Armed terrorists dressed in blue stormed the compound at 8:30 a.m.
“Ethiopian men (Christian) began running to tell the sisters ISIS was there to kill them. They were killed one by one,” Sister Sally recalled.
Another 12 others at an elderly facility were also brutally slaughtered.
CBN News then went on to say that the terrorists proceeded to gun down every nun and volunteer they could find until Sister Sally was the only one left. She then tried running to warn the nearby convent before she was forced to hide behind the door of “the refrigerator room.”
“The [Islamic State] ISIS men were everywhere, searching for her and even entered the refrigerator room at least three times without finding her,” Sister Sally witnessed.
Sister Rio comments in the memorandum that Sister Sally’s survival is nothing short of “miraculous.”
“The terrorists murdered every other nun and any volunteer aids they could find. After the rampage the Islamic extremists destroyed all religious articles and Christian symbols at the facility,” CBN went on to say.
“The martyred nuns were Sister Judith from Kenya, Sister Anselm from India, and Sister Marguerite and Sister Reginette from Rwanda. They were all associated with Members of the Missionaries of Charity, an order founded by Mother Teresa.
“Indian priest Rev. Tom Uzhunnalil was also kidnapped by the terrorists and is yet to be found.”
The murdered sisters had left their homes in India and Africa to serve the poor, elderly, and disabled in the war-torn country of Yemen. They worked together with volunteers at the convent’s home care center, where they served around sixty to eighty patients of all religions.
“They were serving all poor people irrespective of their religion. Their duty was to help the poor,” a representative from the Apostolic Vicariate of Southern Arabia told the Catholic News Agency (CAN).
Sister Sally and her community are still grieving the victims’ deaths but say they have “fully surrendered” to the will of God.
In the memorandum, Sister Sally urges Christians “to pray that their blood will be the seeds for peace in the Middle East and to stop ISIS.”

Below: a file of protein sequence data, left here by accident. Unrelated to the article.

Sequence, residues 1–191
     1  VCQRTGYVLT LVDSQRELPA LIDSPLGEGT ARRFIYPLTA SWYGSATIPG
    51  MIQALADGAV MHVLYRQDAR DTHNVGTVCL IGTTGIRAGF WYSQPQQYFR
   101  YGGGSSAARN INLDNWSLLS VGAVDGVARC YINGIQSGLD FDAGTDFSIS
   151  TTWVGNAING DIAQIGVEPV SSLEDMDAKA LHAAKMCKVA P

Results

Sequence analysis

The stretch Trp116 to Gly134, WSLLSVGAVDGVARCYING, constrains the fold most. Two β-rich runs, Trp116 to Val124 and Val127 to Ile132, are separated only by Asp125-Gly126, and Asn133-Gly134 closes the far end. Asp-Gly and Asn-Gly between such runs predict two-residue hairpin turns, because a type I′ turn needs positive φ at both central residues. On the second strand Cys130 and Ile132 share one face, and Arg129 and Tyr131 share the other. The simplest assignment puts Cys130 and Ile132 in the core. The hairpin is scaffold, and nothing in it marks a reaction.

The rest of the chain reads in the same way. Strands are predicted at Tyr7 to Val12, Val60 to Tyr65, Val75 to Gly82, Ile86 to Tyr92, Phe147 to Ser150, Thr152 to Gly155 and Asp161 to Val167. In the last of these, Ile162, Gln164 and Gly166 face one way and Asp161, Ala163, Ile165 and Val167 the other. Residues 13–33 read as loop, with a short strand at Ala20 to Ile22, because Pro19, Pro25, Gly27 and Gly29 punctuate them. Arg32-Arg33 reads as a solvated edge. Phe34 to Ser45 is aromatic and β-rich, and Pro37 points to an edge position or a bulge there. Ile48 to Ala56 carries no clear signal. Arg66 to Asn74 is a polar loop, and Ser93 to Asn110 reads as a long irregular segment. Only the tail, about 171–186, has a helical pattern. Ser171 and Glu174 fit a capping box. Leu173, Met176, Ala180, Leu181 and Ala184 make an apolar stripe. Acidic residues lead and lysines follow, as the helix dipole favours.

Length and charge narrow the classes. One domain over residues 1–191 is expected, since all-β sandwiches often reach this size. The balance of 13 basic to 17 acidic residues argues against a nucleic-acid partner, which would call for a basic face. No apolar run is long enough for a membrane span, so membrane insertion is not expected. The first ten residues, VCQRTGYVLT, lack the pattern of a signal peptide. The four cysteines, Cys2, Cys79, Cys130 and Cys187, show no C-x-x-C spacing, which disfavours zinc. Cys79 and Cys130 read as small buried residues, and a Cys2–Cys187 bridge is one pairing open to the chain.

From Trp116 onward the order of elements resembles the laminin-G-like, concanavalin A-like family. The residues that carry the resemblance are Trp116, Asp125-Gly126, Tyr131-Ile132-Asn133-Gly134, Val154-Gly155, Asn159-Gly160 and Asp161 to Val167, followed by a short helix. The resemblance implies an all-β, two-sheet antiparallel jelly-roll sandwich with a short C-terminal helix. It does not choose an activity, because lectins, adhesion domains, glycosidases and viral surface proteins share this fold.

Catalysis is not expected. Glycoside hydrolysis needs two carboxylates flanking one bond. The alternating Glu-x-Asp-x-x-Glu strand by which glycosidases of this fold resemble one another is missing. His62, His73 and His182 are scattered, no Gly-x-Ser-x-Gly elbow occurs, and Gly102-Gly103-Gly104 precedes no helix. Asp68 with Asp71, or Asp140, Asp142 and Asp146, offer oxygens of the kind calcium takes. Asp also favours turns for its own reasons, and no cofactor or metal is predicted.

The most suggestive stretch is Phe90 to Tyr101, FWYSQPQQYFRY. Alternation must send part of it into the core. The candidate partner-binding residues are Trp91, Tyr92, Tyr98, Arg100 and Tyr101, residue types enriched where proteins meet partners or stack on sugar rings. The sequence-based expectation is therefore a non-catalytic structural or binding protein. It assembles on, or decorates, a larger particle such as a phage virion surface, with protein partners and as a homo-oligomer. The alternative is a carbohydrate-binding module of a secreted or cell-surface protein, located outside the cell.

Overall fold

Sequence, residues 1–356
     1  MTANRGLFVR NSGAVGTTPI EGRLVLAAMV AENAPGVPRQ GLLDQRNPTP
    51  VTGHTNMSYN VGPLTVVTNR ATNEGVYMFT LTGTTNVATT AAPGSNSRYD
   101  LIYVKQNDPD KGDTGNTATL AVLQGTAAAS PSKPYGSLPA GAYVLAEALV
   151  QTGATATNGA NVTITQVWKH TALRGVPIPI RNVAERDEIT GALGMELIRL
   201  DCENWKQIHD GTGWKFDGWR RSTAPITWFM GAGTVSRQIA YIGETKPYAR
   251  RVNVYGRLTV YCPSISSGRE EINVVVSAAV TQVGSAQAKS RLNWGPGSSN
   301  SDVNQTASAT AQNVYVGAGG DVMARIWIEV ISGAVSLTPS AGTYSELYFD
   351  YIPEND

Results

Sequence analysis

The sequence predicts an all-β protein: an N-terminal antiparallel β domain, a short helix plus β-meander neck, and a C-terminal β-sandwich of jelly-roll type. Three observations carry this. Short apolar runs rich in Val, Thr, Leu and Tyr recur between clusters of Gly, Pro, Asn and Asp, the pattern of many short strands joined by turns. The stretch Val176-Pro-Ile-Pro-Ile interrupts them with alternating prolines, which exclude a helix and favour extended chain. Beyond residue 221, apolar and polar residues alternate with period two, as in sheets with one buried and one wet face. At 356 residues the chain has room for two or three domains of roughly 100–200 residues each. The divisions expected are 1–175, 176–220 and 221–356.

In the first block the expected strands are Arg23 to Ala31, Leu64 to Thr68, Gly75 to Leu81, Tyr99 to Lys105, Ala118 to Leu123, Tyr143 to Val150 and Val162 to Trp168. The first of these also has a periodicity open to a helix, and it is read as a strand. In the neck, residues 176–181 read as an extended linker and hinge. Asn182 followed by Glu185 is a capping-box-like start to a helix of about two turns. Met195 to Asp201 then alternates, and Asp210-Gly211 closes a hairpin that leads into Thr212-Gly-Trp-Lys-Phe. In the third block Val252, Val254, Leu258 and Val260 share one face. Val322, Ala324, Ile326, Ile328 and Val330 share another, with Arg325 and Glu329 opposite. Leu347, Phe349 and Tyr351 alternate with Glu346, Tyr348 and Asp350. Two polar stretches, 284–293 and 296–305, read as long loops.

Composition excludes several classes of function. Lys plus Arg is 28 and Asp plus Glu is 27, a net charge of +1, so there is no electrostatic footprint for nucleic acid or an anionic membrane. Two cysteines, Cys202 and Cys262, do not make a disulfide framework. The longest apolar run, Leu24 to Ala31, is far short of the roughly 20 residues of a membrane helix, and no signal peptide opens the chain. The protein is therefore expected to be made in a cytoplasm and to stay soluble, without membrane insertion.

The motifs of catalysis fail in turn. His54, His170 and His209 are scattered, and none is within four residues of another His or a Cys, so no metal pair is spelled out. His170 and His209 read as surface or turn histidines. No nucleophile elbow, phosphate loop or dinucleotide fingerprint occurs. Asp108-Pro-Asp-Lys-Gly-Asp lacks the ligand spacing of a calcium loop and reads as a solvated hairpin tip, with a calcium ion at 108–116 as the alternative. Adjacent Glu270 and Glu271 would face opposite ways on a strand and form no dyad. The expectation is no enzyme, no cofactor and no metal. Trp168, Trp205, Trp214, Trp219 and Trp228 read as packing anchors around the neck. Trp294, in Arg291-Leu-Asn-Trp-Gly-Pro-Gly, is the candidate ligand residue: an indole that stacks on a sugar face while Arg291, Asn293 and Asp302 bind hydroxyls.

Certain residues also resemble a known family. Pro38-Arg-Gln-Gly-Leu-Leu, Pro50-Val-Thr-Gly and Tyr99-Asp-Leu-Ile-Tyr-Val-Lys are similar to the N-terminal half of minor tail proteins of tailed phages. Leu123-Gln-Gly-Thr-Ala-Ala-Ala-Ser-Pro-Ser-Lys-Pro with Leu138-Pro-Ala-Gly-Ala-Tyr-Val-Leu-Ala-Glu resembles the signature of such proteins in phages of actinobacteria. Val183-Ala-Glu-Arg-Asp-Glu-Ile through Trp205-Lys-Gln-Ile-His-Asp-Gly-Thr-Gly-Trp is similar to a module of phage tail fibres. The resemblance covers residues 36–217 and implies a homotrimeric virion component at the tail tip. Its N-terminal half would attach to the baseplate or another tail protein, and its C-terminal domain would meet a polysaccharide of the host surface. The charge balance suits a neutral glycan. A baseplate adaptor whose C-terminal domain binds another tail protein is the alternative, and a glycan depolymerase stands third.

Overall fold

According to PressTV (http://www.presstv.ir), no individual or group has so far claimed responsibility for the carnage, but sources close to Yemen’s fugitive former President Abd Rabbuh Mansur Hadi blamed it on the Islamic State [Dae’sh] (IS) terrorists.
Yemen has been under Saudi airstrikes on a daily basis since the regime in Riyadh launched its military aggression against the impoverished country in late March 2015, in a bid to undermine the Houthi Ansarullah movement and restore power to Hadi, a staunch ally of Riyadh.
Exploiting the chaos in Yemen, Islamic State (Dae’sh), which is mainly operating in Syria and Iraq, has been able to infiltrate the country.
The Yemen-based al-Qaeda in the Arabian Peninsula (AQAP) has also taken advantage of the volatile conditions and the breakdown of security in Yemen since the beginning of the Saudi war to tighten its grip on parts of southeastern Yemen.
By Dan Wooding, Founder of the ASSIST News Service
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Suspected al Qaeda terrorists shot dead a five-year-old boy who fell to his knees and prayed for his life during a terror attack on a tourist resort in Ivory Coast, eyewitnesses have said.
At least four men armed with AK47s and hand grenades killed 16 people, including four Europeans, in the historic town of Grand Bassam before they were gunned down in a shootout with government troops.
One survivor who saw the attack unfold said: ‘They killed a child despite him kneeling down and begging. They shot a woman in the chest. They’ve killed innocent people.’
Another witness, Marcel Guy, said a man with a long beard spoke to two children in Arabic and spared the life of the one who was able to recite an Islamic prayer.
‘The Christian boy was shot and killed right in front of my eyes,’ Guy said. Read more via Daily Mail
Benneta Betbadal, 46: She was born in Iran in 1969 and came to the United States at age 18 to escape the persecution of Christians after the Iranian Revolution, according to a family statement on a fundraising account set up in her name.
Most of the 14 people killed at a holiday banquet in San Bernardino County, California, worked in the same county public health department as the man who showed up with his wife and sprayed the hall with gunfire.
An official list of the dead was released Thursday, and families, friends and co-workers came forward to share some of their stories: READ MORE